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Been know to go to a Laundry that had a Diaper Service that would sell discarded diapers by the pound for cheap! They're a dying breed though. Don't know if they still exist. :laugh:
 

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Even as a child, nothing was ever thrown out. All of dad's old cotton t-shirts/undershirts were added to the shop rag box. I remember sitting around when the box was full, tearing everything into strips/squares. Used for checking oil and wiping the dipstick, wiping hands, etc., and it was amazing how dirty they would look, before they didn't get most of the grease off of your hands. Only then were they thrown away! They didn't have as much lint on them as paper towels or "shop towels". The first time I used a paper towel to wipe a dipstick, I just knew I was going to have problems from teeny tiny pieces of lint, that my then teenage eyes could notice! Now, I don't think a truck can go down the road, without a roll of shop towels in it! :laugh:
Just so I know who my friends are. Are you saying I wear mine.:laugh:
 

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Been know to go to a Laundry that had a Diaper Service that would sell discarded diapers by the pound for cheap! They're a dying breed though. Don't know if they still exist. :laugh:
Exactly! Old diapers are the best! I think I still have a few. I bought a package new maybe 15 years ago (all of ours were long gone).
 

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Been know to go to a Laundry that had a Diaper Service that would sell discarded diapers by the pound for cheap! They're a dying breed though. Don't know if they still exist. :laugh:
If one can still find the old style cloth diapers, that were 100% soft cotton, those make the best dust rags! They get used for that, BEFORE being retired to the shop!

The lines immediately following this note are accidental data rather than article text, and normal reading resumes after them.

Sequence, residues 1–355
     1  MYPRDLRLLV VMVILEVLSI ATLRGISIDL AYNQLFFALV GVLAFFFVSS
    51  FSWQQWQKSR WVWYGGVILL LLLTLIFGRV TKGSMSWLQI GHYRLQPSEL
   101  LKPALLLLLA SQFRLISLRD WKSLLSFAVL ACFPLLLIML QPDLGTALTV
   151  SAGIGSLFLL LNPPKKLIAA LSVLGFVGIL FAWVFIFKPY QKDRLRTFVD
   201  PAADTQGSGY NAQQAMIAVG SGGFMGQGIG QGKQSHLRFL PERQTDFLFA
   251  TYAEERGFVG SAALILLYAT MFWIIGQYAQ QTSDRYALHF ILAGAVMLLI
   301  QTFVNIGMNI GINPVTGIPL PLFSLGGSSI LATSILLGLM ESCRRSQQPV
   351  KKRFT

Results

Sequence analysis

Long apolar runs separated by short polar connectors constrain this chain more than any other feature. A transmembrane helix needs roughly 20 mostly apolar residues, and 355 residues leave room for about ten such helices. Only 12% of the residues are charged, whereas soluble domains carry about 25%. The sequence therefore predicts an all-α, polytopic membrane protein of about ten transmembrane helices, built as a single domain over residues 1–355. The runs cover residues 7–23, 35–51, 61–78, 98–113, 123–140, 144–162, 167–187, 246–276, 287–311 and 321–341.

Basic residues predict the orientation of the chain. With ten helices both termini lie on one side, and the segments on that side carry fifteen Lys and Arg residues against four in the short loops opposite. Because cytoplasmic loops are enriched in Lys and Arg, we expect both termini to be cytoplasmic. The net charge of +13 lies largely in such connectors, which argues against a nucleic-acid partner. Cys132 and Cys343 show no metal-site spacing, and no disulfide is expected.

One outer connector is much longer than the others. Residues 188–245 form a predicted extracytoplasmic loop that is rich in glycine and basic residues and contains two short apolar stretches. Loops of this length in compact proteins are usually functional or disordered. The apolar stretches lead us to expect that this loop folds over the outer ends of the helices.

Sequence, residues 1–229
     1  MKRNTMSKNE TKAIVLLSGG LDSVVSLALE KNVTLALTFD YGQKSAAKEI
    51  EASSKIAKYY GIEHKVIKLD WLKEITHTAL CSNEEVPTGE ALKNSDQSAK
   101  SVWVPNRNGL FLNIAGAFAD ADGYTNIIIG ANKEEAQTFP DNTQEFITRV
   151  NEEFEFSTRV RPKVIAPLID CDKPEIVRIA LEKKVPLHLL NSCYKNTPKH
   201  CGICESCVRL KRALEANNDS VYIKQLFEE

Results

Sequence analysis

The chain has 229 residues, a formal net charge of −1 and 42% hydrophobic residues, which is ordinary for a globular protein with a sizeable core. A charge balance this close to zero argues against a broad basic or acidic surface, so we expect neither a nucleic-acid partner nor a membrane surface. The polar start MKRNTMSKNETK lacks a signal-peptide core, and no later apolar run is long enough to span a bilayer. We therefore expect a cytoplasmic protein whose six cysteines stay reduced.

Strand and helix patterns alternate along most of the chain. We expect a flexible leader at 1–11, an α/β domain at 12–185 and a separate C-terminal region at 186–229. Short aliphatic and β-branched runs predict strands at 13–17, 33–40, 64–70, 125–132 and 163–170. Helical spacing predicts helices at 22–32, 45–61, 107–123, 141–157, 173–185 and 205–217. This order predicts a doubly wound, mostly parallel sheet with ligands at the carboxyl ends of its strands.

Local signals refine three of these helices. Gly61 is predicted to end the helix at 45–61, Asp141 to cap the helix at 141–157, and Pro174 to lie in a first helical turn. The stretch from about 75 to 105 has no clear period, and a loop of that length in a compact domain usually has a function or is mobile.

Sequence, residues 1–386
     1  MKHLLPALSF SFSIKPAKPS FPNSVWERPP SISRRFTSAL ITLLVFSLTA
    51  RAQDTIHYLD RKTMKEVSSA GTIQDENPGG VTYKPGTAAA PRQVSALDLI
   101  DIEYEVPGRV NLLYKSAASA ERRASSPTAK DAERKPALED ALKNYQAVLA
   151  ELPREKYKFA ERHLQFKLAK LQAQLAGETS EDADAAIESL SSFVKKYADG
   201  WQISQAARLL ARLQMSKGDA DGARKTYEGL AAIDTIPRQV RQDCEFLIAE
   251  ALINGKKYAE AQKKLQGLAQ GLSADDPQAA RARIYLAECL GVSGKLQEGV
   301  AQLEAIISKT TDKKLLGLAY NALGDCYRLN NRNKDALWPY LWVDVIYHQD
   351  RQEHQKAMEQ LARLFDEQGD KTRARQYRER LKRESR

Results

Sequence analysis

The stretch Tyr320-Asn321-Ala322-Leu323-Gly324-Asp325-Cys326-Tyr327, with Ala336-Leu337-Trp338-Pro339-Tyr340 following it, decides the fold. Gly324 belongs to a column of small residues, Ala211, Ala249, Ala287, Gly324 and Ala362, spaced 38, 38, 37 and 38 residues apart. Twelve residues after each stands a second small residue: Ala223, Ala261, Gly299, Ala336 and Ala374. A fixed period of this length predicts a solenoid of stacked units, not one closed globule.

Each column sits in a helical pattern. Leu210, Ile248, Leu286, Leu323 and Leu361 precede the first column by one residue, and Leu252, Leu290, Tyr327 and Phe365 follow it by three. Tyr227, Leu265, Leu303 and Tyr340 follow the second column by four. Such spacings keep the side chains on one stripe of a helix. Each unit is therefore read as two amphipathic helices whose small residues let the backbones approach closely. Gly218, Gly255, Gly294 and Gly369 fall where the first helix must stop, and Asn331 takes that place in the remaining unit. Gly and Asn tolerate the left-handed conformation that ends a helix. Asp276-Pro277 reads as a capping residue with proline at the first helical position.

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For rags you really want all cotton, no polyester.[/QUOTE]

I guess then you don't want mine either, they're all silk.:mocking:
 

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If one can still find the old style cloth diapers, that were 100% soft cotton, those make the best dust rags! They get used for that, BEFORE being retired to the shop!
I remember those days! My mom and grandmothers used to do that! My wife did the cloth diaper thing for a while, but eventually she felt they were too much of a pain. There are still a few cloth diapers floating around my house and they are the best for dusting and cleaning when you need a soft rag. I have one I use for laying out small gun parts when cleaning.

I agree that the cotton/poly t-shirts are garbage for cleaning with. They don't absorb any moisture, and I do think they scratch polished surfaces.
 

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Will Giz take old drawers with skid marks for shop rags? :lol:
So is what you're saying you can't make shop rags fast enough? We can all send you some T-shirts AND if you're really strapped, some boxers and briefs.:laugh:
That's hilarious about used drawers being used. One time I was repairing an engine for a friend and forgot to bring some shop towels. He said here use these. They were old undies of his. I laughed and said I'll find something else. :lol: